Hint: They were very popular in the 60's and 70's.
 
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stoney126

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Hmmm does it have anything to with mag wheels?
 

Steve

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I drive an MG. I always have a fire extinguisher. And fire departments carried fire blankets for VW's magnesium engine block. So the overloading vehicle would be the VW Bus.

( True story: I was building one of those metal model kits back in the '60s of a Duesenburg. The body was magnesium, and I ground the flashing off with Dad's bench grinder. Later, the steel axle wouldn't fit in the wheel due to a burr, so I found the end of the axle smooth on the same bench grinder. You can imagine what happened next...)
 
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Robert OB 33/48

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Well done, As Iam a bit, but just a bit, trained with fire and fire fighting, I think it is well done.
Point is, that if you are in panic, things can go wrong.
So, it is good to be prepared to extinguish a fire. Way better is how to prevent a car set on fire. Or for that matter, a camping spot, a tree and even worse a forest/nature.
As you covered all the details around a car, I would like to give some advice to cover the surroundings and possible cuases of a car on fire.

1. Long grass. If you have driven a long time, your engine, exhaust are hot, so hot, they can start a fire. So, take care of parking in long grass. This could start a fire, and that will be under your car.
2. Sparks of your campfire. When windy, the fly just everywhere.
3. Sigarettes.
4. Left alone campfires.
5. Kids and accidents
6. Testostoron.

So, as someone who was more or less involved with fire fighting during his time in the dutch Airforce, I reckon to take care before the fire is there.

Ohw and String number twelve. I do have a VW. But it is from 1987.
 

Lifestyle Overland

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@Robert OB 33/48 Excellent points! Thanks for the input!

I've owned 4 different VWs from '60 to '73 so it was always in the back of my mind. My '71 actually caught on fire once but fortunately didn't ignite the block!
 
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VCeXpedition

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It would be interesting to see how and where people have mounted their extinguishers. These are bulky, awkward, a little delicate at the handle / gauge end and heavy for their size. Most of all, you want quick access to them so typically not kept in the packed kit.
Where have you mounted yours? Permanently or just when you're on adventure?

Pics or it didn't happen.

Dan.
 

Lars

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It would be interesting to see how and where people have mounted their extinguishers. These are bulky, awkward, a little delicate at the handle / gauge end and heavy for their size. Most of all, you want quick access to them so typically not kept in the packed kit.
Where have you mounted yours? Permanently or just when you're on adventure?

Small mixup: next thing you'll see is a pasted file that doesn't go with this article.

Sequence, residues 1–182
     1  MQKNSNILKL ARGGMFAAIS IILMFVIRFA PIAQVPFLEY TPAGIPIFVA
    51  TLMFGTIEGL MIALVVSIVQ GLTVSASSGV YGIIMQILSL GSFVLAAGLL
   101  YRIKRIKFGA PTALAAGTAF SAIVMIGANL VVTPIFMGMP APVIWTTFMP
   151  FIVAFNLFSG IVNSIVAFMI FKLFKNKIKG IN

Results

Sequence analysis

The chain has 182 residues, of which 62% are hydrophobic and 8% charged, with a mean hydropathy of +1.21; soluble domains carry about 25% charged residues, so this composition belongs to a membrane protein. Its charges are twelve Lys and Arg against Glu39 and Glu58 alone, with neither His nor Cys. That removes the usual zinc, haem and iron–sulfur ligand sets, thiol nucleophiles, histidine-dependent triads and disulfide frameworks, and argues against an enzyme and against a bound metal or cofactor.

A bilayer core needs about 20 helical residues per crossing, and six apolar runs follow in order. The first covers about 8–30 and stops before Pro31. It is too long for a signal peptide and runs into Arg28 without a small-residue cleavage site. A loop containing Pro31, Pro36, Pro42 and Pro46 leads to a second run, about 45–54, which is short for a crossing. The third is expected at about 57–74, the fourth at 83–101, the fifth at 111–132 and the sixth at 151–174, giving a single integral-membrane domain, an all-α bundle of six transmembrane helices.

Pics or it didn't happen.

Dan.
For a 2.5lb Automotive fire extinguisher with rapid access I think this might be one of the best options. I'm going to order one, and try mounting it on the BACK of the passenger seat, rather than the front.
2.5lb Fire Extinguisher Vehicle Mount

I'm also going to be putting a larger 4 or 5lb ABC unit in the bed of the truck for trips mounted with a Quick Fist Super Fist clamp. I live in Texas where brush fires are a real possibility, and spread quickly. This one will get installed in the bed side mount when I'm setting out on a trip. Normally I'll keep it inside the truck bed tool box to prevent theft.

Also I'll provide Pics of my truck, after UPS delivers the goods :)
 

VCeXpedition

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Nice. I've given consideration to putting it there, footspace is no good though, either in front or behind the seat in the 80. That is the best spot for access though. Interested when you have it mounted to see some pics. That did give me some Ideas as to how I could make a bracket to mount a 2.5 lb to my b-pillar.

I found this one but don't have a good spot for it yet.

uploadfromtaptalk1448131441146.png

Sent from my HTC One_M8 using Tapatalk
 

Overland-Indiana

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Great read....

I had a 97" S10 that i had a friend helping me to try and get running in-15f weather, way to damn cold to be out IMO. But, i told him to use carb cleaner and give a small spray into the throttle body to try and get it to fire.....well....his definition or small spray and mine are 2 very different things i guess. He soaked the whole intake and throttle body in it and caused it to catch fire. Luckily I have ALWAYS kept a ABC extinguisher in all of my vehicles since i first got my license. I was able to put it out and luckily it did not damage anything.
Side Note: We never did get it to start until temps got up to 5f+... Ended up being a weak fuel pump and dirty fuel filter.
 
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toxicity_27

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Still need to get one. They make roll bar mounts for the JK, which is probably the style I'll end up getting.
 

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need advise on which type of fire extinguisher I should get. all purpose us.
 

Lifestyle Overland

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I would pick up one of the ABC types listed on the original post. I have the first one and it's done well... even bouncing around in the back. I know... I should heed my own advice, there's just not many mount locations in the back of the 4Runner. @Cappy410